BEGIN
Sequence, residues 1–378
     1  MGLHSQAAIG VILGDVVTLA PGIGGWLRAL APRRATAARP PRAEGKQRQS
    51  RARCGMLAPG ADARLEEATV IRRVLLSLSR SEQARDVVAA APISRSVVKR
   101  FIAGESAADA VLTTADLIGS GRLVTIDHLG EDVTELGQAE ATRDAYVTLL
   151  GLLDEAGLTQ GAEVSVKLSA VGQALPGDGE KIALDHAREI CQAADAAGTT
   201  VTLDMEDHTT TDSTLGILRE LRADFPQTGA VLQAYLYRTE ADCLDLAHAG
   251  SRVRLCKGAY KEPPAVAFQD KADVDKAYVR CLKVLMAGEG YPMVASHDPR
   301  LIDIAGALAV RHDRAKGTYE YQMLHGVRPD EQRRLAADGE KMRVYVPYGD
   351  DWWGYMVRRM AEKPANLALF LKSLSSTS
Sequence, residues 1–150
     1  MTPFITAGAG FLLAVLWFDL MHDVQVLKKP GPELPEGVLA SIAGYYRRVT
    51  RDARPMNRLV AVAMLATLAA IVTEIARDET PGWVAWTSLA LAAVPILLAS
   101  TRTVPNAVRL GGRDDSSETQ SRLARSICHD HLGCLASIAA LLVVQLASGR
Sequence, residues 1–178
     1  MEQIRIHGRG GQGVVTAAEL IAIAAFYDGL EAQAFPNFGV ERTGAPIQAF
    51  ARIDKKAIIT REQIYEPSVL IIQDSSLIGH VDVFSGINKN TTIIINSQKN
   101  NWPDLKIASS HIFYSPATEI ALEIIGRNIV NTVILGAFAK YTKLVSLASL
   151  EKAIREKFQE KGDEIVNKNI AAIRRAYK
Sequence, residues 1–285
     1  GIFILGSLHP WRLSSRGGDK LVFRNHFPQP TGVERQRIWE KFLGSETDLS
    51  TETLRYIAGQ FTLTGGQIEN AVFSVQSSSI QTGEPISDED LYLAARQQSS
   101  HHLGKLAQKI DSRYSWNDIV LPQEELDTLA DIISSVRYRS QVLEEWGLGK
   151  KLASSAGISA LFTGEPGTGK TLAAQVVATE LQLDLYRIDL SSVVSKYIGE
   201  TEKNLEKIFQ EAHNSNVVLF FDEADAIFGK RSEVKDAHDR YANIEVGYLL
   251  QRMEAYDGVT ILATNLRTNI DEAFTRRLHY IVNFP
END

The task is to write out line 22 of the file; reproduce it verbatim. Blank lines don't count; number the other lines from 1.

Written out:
   101  HHLGKLAQKI DSRYSWNDIV LPQEELDTLA DIISSVRYRS QVLEEWGLGK